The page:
The famed French Queen consort Marie Antoinette led a complex and multifaceted life before being overthrown by revolutionaries. Nonetheless, she had four biological children with her notoriously weak husband King Louis XVI, before facing her execution in 1793. They were: Marie Thérèse Charlotte, born on December 9, 1778, Louis Joseph Xavier François, born in 1781, Louis XVII, born in March 1785, and Sophie Hélène Béatrix, born in July 1786. Tragically she was separated from her children during the French Revolution, and only one of them eventually survived to tell the tale of her family history. Below we take a closer look at who her children were in more detail.
Marie Thérèse Charlotte
Marie Thérèse Charlotte was the first and eldest child of Marie Antoinette and King Louis XVI, and was born in 1778. Also known as Madame Royale, she was raised in the French court at Versailles. Following the French Revolution, she was the only surviving child in her family, and one of only a handful of royal children to make it out of the conflict alive. Revolutionaries had originally sentenced her to death, but she narrowly escaped this fate when her sentence was reduced to a permanent exile. In 1824, she became the Dauphine de France, following marriage to her cousin, Louis Antoine, Duke of Angouleme.
Louis Joseph Xavier François
Louis Joseph Xavier François was the second child of Marie Antoinette and Louis XVI, born in 1781. As the first boy to be born into his family, he became next in line to the throne, before his elder sister Marie, as was customary at the time. Born and raised in the palace of Versailles, he was a fragile child from the age of 3 onwards who suffered a series of illnesses, including regular high fevers. His family sent him to live in the Chateau de la Muette for a year in 1784, where the air was reportedly beneficial to one’s health and he began to show signs of improvement. On his return to the palace of Versailles, however, his health took another downward turn – following a series of particularly high, aggressive fevers, he died of tuberculosis in 1789.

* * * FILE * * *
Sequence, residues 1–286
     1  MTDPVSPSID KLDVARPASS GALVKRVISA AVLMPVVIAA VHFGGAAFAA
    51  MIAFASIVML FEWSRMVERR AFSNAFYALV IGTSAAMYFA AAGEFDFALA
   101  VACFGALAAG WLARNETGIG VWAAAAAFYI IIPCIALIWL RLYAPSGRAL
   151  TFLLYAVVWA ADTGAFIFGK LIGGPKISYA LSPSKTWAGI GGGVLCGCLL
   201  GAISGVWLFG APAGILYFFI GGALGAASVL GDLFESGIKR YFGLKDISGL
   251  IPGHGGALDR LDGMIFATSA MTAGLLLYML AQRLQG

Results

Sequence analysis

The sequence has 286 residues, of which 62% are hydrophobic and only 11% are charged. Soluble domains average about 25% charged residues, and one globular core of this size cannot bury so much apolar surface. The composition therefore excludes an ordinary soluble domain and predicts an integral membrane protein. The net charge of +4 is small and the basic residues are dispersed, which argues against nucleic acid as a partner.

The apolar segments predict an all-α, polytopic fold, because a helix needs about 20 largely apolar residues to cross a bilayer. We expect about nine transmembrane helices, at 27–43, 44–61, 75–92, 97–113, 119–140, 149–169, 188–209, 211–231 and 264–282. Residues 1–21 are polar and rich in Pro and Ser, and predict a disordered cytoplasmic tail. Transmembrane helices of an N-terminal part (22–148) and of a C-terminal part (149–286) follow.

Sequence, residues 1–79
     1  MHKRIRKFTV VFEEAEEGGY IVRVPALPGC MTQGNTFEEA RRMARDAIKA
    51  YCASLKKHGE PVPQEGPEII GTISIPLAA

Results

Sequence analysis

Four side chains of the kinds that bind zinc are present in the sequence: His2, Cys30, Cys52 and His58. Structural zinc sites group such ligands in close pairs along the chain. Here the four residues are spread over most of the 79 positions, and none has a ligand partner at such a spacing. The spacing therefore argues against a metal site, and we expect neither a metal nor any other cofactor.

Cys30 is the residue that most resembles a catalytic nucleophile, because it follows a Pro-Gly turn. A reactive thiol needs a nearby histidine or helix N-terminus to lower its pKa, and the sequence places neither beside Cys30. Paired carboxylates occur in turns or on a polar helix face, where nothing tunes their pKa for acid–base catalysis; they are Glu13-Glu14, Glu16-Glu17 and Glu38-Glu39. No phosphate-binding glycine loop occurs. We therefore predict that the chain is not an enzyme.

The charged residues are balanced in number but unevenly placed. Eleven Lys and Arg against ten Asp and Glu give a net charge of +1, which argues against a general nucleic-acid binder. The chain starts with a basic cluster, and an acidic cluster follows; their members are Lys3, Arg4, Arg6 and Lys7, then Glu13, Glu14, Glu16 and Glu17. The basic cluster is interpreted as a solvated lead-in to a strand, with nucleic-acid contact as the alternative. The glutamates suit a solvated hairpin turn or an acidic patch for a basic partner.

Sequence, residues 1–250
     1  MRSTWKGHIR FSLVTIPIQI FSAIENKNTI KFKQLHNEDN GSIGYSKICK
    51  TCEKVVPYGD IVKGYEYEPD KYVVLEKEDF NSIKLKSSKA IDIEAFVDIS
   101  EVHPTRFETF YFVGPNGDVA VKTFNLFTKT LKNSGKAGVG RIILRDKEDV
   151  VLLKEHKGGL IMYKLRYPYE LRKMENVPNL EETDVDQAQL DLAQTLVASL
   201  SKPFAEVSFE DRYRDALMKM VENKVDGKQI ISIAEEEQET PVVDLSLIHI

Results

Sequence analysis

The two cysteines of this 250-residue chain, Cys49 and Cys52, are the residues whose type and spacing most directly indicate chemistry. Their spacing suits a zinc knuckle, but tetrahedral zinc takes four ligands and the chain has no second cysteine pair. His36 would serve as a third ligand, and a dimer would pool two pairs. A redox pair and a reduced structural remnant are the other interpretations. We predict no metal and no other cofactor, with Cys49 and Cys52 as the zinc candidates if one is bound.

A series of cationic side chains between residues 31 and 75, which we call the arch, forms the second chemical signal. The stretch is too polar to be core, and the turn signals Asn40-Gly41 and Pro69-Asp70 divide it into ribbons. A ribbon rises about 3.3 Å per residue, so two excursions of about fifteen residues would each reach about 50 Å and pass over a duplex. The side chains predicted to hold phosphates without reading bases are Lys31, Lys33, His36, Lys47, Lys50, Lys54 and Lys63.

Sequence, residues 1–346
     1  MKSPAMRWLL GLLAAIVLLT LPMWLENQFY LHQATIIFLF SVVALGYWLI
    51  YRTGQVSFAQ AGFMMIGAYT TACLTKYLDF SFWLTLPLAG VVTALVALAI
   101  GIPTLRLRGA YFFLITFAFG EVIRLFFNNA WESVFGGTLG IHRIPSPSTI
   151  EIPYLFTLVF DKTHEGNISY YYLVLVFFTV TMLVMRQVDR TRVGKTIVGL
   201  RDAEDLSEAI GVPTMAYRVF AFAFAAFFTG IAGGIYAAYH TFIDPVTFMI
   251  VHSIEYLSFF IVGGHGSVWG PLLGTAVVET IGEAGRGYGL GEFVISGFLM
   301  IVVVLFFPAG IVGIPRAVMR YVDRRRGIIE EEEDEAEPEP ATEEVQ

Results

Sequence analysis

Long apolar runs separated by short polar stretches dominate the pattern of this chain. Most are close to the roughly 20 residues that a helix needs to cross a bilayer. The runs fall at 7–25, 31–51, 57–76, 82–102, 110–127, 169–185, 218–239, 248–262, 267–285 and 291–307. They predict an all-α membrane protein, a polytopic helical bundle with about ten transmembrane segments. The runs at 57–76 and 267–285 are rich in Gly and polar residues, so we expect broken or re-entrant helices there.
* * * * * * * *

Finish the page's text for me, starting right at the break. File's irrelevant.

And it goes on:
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The younger brother of Marie and Louis Joseph, Louis XVII was born in 1785 and spent his early years in the palace of Versailles alongside his siblings. In 1792, he was locked up by revolutionaries in the Temple prison as the French Revolution took hold. By this point he was the successor to the throne, following the death of his older brother in 1789.
Tragically Louis was never released from prison; he died of tuberculosis while locked away in 1795 at the mere age of 10, most likely due to the harsh conditions of life in imprisonment. Because of the secrecy surrounding his death, rumors spread that he was in fact still alive and had gone into hiding, while various individuals claiming to be the future King Louis came forward. It wasn’t until 1999, following extensive research on Louis’ remains, that his death in the Temple Prison in 1795 was confirmed.
Sophie Hélène Béatrix
Sophie Hélène Béatrix was the youngest child of Marie Antoinette and Louis XVI, born in 1786. Following her birth, she was legally titled Her Royal Highness, but became known in her short life as Madame Sophie. Sadly, Sophie’s life was cut short at the age of just 11 months old, following complications after contracting tuberculosis, much like her two older brothers. Marie Antoinette’s foster brother Joseph Weber tried to comfort her following Sophie’s death by claiming the young baby would not yet have formed a close attachment to her mother, to which Marie Antoinette replied,” Don’t forget that she would have been my friend.”